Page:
After reading another question relating to how to see definitions of commands, I tried:


But this shows me in my logfile:

\protect \LaTeX

I just want to see where the \LaTeX command deep down somewhere finally says "OK, make the 'L' big, then make a little raised 'a,' then ..."


5 Answers 5


Some macros are defined to be robust by expanding to \protect followed by a macro with almost the same name but ending with a space! Special care must be taken to define and use such macros because spaces are normally not allowed in macro names. If such a macro is written into external files (.aux, .toc, ...) the space is not taken as part of the macro name any longer, so that the original macro is called again.

To see the definitions of such macros you need to use the following code:

\expandafter\show\csname LaTeX \endcsname

The \csname <text>\endcsname can be used to build a macro called \<text> which can include non-letters like numbers or spaces. The \expandafter is required to expand \csname LaTeX \endcsname (note the space after the X) to \LaTeX  (also note the space here) before \show is executed.

I also programmed a command line tool called texdef to display such definitions:

 texdef -t latex LaTeX

(Instead of texdef -t latex you can also write latexdef if that name was installed)

This will display the definition of \LaTeX and detect that it calls \LaTeX  and also shows the definition of it.

$ texdef -t latex LaTeX

macro:->\protect \LaTeX  

\LaTeX :
\long macro:->L\kern -.36em{\sbox \z@ T\vbox to\ht \z@ {\hbox {\check@mathfonts \fontsize \sf@size \z@ \math@fontsfalse \selectfont A}\vss }}\kern -.15em\TeX 

Alternatively use quotes to add the space explicitly:

 texdef -t latex 'LaTeX '
  • 2
    Very neat, thanks! Efficient how the LaTeX symbol uses the TeX symbol in its definition, too.
    – mring
    Commented May 10, 2011 at 15:37

An alternative to Martin's answer to to redefine \protect:


(The group is not compulsory, but means that you can keep going with a document and not have everything go wrong. If you are just making a short 'test' document, you can miss it out.)


Besides Martin's solution, there is a show2e package that I often use:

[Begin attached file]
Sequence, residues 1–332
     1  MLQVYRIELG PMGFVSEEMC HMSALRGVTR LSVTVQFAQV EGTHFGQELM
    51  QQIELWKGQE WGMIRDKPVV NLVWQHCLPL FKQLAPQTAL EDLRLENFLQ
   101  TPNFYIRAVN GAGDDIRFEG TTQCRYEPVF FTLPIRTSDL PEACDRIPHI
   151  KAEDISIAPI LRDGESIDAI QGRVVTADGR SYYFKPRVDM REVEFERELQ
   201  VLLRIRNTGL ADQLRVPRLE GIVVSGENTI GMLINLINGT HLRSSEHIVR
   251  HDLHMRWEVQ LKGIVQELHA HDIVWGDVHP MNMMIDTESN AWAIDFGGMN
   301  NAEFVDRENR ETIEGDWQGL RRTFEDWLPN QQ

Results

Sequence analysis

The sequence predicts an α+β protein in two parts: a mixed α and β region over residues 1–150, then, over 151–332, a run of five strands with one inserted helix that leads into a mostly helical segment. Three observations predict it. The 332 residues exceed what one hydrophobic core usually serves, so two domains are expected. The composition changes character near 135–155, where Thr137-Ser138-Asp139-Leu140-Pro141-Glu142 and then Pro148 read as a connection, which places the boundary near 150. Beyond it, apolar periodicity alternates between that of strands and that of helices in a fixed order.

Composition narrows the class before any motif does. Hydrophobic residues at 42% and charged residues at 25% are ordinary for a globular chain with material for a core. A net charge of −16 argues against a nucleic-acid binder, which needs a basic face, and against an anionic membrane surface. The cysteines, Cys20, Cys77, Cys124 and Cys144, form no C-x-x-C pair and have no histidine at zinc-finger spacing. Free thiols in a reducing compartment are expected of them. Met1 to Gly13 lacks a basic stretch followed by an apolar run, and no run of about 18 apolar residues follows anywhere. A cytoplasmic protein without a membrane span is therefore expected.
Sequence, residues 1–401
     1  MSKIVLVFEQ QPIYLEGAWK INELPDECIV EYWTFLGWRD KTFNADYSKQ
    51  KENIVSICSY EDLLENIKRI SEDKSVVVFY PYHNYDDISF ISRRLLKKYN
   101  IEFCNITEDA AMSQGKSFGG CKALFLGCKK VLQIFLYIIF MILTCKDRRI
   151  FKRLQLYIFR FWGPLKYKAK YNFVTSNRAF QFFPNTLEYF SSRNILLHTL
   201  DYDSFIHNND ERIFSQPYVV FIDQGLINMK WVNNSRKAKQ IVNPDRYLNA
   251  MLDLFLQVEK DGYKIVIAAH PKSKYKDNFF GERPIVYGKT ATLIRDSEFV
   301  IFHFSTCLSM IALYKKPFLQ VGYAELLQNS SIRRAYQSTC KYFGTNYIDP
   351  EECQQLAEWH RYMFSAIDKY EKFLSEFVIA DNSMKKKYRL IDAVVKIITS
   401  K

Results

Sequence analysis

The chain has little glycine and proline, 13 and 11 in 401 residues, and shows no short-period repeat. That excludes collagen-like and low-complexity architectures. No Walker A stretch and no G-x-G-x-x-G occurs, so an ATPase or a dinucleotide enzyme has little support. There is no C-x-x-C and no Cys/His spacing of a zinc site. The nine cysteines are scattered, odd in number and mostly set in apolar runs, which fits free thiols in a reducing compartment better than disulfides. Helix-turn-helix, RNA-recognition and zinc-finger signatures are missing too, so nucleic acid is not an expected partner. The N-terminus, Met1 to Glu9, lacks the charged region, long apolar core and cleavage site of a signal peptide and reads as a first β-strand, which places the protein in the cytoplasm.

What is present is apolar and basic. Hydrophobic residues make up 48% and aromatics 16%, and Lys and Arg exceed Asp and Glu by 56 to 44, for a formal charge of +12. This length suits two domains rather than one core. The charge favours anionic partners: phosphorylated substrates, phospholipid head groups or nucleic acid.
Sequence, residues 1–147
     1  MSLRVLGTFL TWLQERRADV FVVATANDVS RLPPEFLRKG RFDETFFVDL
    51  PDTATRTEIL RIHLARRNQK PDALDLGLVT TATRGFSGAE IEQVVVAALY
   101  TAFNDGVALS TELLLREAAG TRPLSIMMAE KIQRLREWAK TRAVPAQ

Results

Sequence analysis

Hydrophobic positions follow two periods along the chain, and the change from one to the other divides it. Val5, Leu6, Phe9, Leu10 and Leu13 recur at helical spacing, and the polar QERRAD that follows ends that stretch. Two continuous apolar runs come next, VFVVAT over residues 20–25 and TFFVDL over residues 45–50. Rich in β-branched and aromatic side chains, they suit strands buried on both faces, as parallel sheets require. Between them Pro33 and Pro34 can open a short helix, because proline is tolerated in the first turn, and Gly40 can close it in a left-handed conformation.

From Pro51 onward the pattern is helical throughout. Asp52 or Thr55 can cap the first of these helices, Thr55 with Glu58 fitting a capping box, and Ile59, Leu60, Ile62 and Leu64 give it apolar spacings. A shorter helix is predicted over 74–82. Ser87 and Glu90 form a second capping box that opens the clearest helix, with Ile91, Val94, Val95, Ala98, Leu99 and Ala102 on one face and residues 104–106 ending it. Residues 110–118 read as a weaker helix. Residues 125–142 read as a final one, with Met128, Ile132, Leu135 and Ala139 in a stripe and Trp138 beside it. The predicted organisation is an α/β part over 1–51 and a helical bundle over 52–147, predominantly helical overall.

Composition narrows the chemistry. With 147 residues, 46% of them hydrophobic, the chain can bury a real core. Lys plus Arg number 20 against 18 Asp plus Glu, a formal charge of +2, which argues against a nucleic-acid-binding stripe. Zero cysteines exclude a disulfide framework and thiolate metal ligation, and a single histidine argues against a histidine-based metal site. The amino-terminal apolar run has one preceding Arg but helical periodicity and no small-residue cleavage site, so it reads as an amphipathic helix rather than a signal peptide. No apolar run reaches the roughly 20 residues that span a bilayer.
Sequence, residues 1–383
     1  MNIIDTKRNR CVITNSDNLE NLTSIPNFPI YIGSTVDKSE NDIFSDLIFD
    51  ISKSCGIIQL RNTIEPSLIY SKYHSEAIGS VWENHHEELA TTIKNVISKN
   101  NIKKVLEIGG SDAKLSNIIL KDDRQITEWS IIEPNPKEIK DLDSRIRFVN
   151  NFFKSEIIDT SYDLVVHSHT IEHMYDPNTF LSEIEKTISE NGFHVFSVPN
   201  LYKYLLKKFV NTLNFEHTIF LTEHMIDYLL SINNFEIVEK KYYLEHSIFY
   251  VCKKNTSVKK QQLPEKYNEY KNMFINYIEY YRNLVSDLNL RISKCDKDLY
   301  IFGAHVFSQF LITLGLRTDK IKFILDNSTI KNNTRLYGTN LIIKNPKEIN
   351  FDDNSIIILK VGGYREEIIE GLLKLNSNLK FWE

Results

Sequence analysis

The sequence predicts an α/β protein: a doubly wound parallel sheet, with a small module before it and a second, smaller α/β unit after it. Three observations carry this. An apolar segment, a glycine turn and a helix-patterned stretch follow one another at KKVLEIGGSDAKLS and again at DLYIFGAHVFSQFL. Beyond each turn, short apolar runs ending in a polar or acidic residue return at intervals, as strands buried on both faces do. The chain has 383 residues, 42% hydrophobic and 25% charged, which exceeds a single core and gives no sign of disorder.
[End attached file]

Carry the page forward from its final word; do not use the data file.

% \usepackage{show2e}

When compiling, it first gets

> \LaTeX=macro:
->\protect \LaTeX  .

And then

> \LaTeX =\long macro:
->L\kern -.36em{\sbox \z@ T\vbox to\ht \z@ {\hbox {\check@mathfonts \fontsize
\sf@size \z@ \math@fontsfalse \selectfont A}\vss }}\kern -.15em\TeX .
<argument> \LaTeX  
  • 3
    I keep getting surprised by packages I never knew existed. Thanks for introducing it to me. Commented May 10, 2011 at 16:35

With the package xpatch (or the experimental regexpatch) one can say


and get the answer

> \LaTeX =\long macro:
->L\kern -.36em{\sbox \z@ T\vbox to\ht \z@ {\hbox {\check@mathfonts \fontsize 
\sf@size \z@ \math@fontsfalse \selectfont A}\vss }}\kern -.15em\TeX .

The command will also show the meaning of macros defined with \newcommand to have an optional argument. So, after \newcommand{\foo}[1][bar]{#1}, with \show\foo one would get

> \foo=macro:
->\@protected@testopt \foo \\foo {bar}.

but with \xshowcmd\foo the answer would be

> \\foo=\long macro:

As you can see, the implementation of a robust command uses a command with a space in its name; a command with an optional argument uses another with a backslash in its name. Things can go even worse if you consider robust commands with an optional argument. The packages also cover \newrobustcmd from etoolbox.


There is a program texdef that allows this, as Martin mentions in his answer.

I would just add that when our friend Psmith is present in the community chat room, you can run texdef by posting a message in the chat of the following format:

!!/texdef -t latex -p multicol multicols

(This command will show the definition of multicols environment from the package multicol.)

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